One of the most common questions asked when I am meeting with a new potential client when their marriage or common-law relationship ends is: “Do I have to pay spousal support?” or “Will I be able to get spousal support?”
Every relationship is different, and the answer to those two questions depends greatly on a number of factors. Spousal support is not always a “given” – the end of a marriage or common-law relationship does not always mean that someone will have to pay spousal support.
The purpose of spousal support is two-fold: 1) to compensate a spouse for the role that they played during the marriage that limited their ability to earn an income (i.e. having children and/or staying at home to run a household while the other spouse worked and advanced their career) and 2) to narrow the gap between the spouses’ respective earnings and assist a spouse in financial need now that the spouses will be maintaining separate households.
The first step is to determine whether or not one spouse is entitled to spousal support. Was a spouse financially dependent on the other during the marriage? Has there been some sort of economic loss suffered as a result of the marriage and its breakdown? Often, we may look at the length of the common-law relationship/marriage – longer relationships and marriages tend to result in a greater likelihood of entitlement.
If entitlement is established, then it is time to figure out “how much (amount) and for how long (duration)?” More factors are considered here in determining amount and duration, including age of the spousal support recipient, whether there are young children to care for, whether or not that spouse can become self-sufficient based on their income history or whether retraining or further education is required for the support recipient to find a better job, among other factors. The Spousal Support Advisory Guidelines assists people by giving them an idea of a range of spousal support that may be payable (with low end, mid-point and high end amounts), an idea of how long spousal support may be paid for (based on the length of the Parties’ common-law relationship / marriage, and provide a starting point for negotiations.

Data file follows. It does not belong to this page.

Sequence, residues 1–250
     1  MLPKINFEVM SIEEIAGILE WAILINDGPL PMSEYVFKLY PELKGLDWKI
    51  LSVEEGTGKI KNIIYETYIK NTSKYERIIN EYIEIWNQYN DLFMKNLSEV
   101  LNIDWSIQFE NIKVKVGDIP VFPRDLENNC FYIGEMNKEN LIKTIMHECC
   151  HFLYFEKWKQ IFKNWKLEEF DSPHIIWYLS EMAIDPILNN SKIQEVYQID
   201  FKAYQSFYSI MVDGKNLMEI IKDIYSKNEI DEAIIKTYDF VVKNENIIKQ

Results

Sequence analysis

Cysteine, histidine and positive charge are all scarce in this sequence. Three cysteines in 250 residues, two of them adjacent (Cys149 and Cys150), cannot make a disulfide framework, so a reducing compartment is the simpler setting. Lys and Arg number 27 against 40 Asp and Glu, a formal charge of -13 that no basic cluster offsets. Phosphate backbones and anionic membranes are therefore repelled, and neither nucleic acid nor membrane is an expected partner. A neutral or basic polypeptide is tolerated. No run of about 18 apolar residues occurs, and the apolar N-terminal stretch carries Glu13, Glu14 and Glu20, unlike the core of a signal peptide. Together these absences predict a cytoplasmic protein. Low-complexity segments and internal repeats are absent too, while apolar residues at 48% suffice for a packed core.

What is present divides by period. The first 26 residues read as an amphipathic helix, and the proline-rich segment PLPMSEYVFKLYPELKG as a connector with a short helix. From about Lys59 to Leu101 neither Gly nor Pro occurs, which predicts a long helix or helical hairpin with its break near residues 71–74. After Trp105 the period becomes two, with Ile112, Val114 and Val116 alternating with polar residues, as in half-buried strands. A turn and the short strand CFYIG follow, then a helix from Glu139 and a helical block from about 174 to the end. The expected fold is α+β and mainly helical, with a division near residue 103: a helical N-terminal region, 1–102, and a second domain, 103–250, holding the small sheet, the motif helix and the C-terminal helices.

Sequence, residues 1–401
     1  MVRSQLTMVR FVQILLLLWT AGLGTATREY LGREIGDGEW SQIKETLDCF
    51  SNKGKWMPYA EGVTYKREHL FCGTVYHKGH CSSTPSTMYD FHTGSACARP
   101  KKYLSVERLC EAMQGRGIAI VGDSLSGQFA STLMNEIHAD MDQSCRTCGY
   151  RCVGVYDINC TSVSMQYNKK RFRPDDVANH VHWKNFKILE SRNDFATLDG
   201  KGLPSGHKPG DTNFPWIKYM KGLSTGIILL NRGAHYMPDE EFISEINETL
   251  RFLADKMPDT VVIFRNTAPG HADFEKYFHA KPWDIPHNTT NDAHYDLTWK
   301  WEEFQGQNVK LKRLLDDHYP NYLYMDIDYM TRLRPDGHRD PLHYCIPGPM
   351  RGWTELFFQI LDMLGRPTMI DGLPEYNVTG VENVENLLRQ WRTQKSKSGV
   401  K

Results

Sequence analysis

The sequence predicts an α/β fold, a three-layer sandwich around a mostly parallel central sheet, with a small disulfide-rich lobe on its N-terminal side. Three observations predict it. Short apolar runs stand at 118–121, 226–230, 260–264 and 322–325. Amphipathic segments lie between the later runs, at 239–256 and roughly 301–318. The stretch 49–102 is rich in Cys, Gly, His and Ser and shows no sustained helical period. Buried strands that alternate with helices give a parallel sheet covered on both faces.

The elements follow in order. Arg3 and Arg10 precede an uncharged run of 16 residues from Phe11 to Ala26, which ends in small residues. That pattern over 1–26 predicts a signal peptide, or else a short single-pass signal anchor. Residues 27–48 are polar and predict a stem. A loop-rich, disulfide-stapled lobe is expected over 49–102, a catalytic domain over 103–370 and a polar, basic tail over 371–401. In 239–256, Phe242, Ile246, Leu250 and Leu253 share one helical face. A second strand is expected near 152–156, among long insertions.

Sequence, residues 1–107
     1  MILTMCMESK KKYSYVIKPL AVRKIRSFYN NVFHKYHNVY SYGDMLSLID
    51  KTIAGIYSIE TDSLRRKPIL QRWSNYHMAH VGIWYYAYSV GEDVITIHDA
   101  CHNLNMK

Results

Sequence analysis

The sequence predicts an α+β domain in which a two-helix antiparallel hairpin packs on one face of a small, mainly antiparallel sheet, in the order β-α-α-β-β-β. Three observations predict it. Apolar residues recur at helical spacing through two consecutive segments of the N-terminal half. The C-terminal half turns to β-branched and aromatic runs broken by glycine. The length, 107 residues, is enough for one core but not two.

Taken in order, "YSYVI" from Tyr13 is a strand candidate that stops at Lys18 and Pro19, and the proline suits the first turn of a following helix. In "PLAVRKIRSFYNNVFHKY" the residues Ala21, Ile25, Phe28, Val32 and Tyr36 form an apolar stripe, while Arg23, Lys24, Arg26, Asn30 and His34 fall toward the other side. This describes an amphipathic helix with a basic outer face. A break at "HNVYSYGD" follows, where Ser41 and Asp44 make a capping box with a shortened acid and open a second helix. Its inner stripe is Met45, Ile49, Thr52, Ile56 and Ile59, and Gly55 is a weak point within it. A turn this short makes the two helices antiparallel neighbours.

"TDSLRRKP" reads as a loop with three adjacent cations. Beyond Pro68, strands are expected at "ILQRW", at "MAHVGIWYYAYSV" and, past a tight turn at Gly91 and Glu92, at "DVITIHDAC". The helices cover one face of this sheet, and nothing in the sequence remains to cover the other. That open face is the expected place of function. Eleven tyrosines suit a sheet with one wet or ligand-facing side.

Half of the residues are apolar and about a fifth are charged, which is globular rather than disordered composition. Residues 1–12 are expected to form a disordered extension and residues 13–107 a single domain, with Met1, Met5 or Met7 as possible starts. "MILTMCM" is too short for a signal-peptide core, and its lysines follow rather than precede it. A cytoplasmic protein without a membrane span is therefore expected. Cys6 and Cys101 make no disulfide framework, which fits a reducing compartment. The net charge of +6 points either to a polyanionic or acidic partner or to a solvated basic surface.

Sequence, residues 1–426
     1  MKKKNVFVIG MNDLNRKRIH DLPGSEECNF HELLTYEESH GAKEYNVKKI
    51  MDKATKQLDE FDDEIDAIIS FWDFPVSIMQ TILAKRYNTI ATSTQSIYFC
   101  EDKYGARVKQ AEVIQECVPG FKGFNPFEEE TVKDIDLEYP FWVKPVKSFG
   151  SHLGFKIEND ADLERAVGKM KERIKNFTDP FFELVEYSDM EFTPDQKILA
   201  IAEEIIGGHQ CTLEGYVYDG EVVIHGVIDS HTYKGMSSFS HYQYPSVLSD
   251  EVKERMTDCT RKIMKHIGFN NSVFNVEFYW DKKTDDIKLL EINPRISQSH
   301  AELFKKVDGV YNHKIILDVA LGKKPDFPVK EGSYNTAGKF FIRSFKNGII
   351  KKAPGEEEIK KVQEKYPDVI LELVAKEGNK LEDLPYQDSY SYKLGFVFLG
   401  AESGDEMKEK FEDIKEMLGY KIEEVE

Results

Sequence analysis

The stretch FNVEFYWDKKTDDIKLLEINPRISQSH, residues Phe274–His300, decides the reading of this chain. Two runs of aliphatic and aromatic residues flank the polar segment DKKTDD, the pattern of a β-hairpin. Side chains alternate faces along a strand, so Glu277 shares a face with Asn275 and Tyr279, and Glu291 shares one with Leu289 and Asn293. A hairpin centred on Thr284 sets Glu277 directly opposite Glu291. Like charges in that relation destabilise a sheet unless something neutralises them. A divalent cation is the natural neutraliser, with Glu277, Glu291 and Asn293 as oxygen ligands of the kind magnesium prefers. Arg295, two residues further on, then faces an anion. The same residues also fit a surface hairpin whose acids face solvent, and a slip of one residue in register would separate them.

Interesting Things to Know About Spousal Support:
• You do not have to be married in order to seek spousal support from your partner. If you have lived with your common-law partner for at least three years, or if you have a child with your common-law partner, spousal support may be a consideration.
• Spousal support can be tax deductible for the payor and taxable income for the recipient. This does not apply to lump-sum (one time) spousal support payments. Ask your lawyer to determine your net cost/benefit of spousal support once taxes have been taken into consideration.
• Fault does not help in determining support. It does not matter who wanted to end the relationship or marriage. This will not factor into the calculations for spousal support amount or duration.
Spousal support can be tricky. Most family law lawyers have tools to assist in calculating the amount of spousal support that may be payable/owing and the duration of time spousal support may be paid. It is a good idea to consult with a lawyer and ask your questions about spousal support – having the right tools and information and knowing your rights and obligations could save you considerable money in the long run.
Do you have questions about spousal support? Join us on Wednesday, March 11, 2015 at 8 PM for a free webinar on Spousal Support! Space is limited, so email me with the code word “Eligible” and I will send you the link to get signed up.